solar storms

Do Scientists Know What Causes Solar Storms?

Jane Marsh - April 11, 2019

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Most of us only think of the sun in passing. On hot afternoons when we hide beneath the shade, or rainy mornings when we wish for a little light, the sun is a subject of discussion. Otherwise, it’s all too easy to forget that our planet survives on the heat from a fiery ball of hot plasma 1.3 million times its size.

With this enormous number in mind, the concept of a “solar storm” is somewhat frightening. After all, the scale of our sun is immense and its power is incredible. It seems probable we’d eventually have to reconcile the fact that we live a very short distance from it, by astronomical standards.

In truth, solar storms aren’t as dangerous as they sound. They’re part of a cycle of high and low activity that repeats every 11 years. This cycle’s “solar maximum,” or peak, occurred between 2013 and 2014. As NASA predicted, we didn’t see any catastrophic solar events like some feared.

So what exactly are “solar storms” and how do they affect the Earth? Do scientists know what causes them? If so, what are the reasons behind this fascinating phenomenon? We’ll answer those questions and others like them by taking a comprehensive look at the many intriguing aspects of solar storms.

The Science of Solar Storms

Magnetic storms on the surface of the sun can cause flares. These explosions have the capacity to release as much as one-sixth of the sun’s entire output in a single second. When the storms are exceptionally strong, they erupt in coronal mass ejections — or CMEs — which are essentially huge clouds of plasma.

These clouds of plasma consist of energetic protons and electrons, with smaller amounts of iron, helium and oxygen, all traveling at millions of miles per hour. So what happens when this fast-traveling cloud of electrons, protons, iron, helium and oxygen reaches our planet? What do we see from the ground?

First, the burst of radiation ionizes the outer atmosphere, affecting global positioning satellites and other equipment. The energetic protons make contact around 10 to 20 minutes after the initial flare. Another 10 to 30 hours after that, the CME hits and causes electrical currents to surge along oil pipelines and high-tension electricity lines, resulting in blackouts in some areas and a beautiful light show in others, similar to the aurora borealis.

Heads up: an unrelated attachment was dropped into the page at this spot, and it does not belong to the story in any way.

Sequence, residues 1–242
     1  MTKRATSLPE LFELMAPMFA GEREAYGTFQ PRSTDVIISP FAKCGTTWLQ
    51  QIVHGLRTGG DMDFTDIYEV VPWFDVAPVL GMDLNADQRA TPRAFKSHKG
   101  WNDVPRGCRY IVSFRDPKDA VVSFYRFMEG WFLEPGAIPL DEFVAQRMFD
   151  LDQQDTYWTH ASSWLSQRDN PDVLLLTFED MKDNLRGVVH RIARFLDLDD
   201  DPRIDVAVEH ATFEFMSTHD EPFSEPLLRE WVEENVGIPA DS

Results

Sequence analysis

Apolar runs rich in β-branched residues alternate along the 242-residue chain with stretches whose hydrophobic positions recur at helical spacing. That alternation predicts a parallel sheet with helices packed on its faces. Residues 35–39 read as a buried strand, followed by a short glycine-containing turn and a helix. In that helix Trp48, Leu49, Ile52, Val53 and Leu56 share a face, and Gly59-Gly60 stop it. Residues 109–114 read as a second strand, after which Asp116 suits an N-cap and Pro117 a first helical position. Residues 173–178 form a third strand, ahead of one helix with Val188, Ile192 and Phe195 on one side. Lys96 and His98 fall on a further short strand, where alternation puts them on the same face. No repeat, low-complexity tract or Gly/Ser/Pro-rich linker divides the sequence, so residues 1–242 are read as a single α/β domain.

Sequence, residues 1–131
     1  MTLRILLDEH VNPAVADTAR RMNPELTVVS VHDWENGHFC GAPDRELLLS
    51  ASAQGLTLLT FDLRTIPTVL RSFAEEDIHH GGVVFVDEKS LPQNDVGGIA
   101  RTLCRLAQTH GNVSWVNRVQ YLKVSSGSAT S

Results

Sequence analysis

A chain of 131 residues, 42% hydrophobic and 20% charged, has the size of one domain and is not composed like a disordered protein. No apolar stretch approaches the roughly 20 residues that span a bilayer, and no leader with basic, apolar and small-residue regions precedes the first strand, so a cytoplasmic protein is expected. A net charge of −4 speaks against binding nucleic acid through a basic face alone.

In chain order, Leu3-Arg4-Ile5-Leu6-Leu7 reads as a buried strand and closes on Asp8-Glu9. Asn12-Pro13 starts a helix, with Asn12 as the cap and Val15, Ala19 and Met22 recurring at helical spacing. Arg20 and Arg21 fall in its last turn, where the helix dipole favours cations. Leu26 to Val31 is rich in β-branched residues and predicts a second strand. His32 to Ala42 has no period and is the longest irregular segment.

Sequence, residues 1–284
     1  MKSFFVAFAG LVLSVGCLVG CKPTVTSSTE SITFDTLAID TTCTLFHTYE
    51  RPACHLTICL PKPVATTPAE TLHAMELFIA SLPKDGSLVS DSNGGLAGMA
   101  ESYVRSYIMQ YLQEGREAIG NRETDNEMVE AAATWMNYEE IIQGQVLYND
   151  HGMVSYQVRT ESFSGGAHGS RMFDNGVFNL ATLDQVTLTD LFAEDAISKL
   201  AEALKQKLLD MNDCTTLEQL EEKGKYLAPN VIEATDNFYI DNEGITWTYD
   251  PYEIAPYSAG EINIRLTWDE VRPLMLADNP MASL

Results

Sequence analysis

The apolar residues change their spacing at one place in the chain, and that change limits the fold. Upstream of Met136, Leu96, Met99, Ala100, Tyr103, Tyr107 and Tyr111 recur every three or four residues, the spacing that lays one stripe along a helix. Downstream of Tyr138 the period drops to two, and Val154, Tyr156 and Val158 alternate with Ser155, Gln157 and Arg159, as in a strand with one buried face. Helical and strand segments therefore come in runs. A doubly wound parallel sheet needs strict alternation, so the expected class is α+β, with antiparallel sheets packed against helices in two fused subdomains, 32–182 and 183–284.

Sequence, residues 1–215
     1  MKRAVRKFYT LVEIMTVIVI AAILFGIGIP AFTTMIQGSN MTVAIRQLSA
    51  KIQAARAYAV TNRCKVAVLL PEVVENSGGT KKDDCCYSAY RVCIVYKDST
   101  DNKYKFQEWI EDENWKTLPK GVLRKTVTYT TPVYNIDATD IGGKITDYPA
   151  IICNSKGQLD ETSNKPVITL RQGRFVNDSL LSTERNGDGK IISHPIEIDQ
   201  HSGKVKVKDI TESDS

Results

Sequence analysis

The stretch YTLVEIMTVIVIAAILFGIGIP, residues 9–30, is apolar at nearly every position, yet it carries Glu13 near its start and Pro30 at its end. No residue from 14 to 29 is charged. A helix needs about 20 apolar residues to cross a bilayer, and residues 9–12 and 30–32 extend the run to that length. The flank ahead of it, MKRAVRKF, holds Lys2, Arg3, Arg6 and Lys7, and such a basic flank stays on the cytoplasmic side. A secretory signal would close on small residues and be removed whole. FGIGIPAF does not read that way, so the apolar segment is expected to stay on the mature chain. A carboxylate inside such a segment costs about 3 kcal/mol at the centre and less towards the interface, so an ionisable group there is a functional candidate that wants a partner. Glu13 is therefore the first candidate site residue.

Of course, the most we usually see from high-energy radiation are the aurora borealis and the aurora australis. While a large-scale disruption from a solar storm is possible — and potentially costly — it isn’t as pressing as other issues facing the world today. In other words, solar storms aren’t a top concern, regardless of the sun’s scale and power.

The Cause of Solar Storms

Though we understand the composition of solar storms, the reason behind the phenomenon is slightly more complicated than, “huge clouds of plasma.” NASA researchers have studied the cause of these CMEs and have come to the conclusion that the magnetic field lines of the sun contribute to these events.

On the subject of CMEs, NASA states: “They explode into space at a very high speed when the sun’s magnetic field lines suddenly organize.” Even with this knowledge, we have no way of preventing solar storms at the moment, although engineers have strategies in place to adjust for them.

So what happens when an incoming “solar maximum” receives too much public attention?

The Solar Storm of 2013

As mentioned earlier, the sun’s cycle of high and low activity reached its peak between 2013 and 2014. During the “solar maximum,” thanks to activity on the sun and the possibility of space weather, the effects on our environment are greater than usual. Despite reassurance from NASA scientists, some people planned for the worst.

Since the planet’s dependence on electronic technology had increased since the previous peak in activity — which occurred in 2002 — certain groups believed the world was more vulnerable to the effects of solar storms. Beyond your average skeptics, several proponents of this idea were in high positions of power.

The chief scientific advisers to former President Barack Obama and the government of the U.K. said in a joint statement, “Space weather can affect human safety and economies anywhere on our vast planet, and blasts of electrically-charged gas traveling from the sun at up to five million miles an hour can strike with little warning.”

These advisers predicted the impact could cost $2 trillion in the first year for the United States alone, with recovery efforts spanning a period of four to 10 years. Of course, none of this came to pass — but it’s important to recognize that these types of events often result in some form of hysteria, and it’s rarely warranted.

Moving Toward the Future

NASA is prepared for potential problems from solar storms. They maintain a fleet of Heliophysics spacecraft to monitor the space environment between the sun and Earth, facilitating progress with the data they collect. In coordination with other agencies, they’ve ensured the safety of U.S. citizens.

At the same time, solar storms aren’t likely to spell the end of our planet. Although they’ve caused problems in the past, our future is secure.

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About the author

Jane Marsh

Starting from an early age, Jane Marsh loved all animals and became a budding environmentalist. Now, Jane works as the Editor-in-Chief of where she covers topics related to climate policy, renewable energy, the food industry, and more.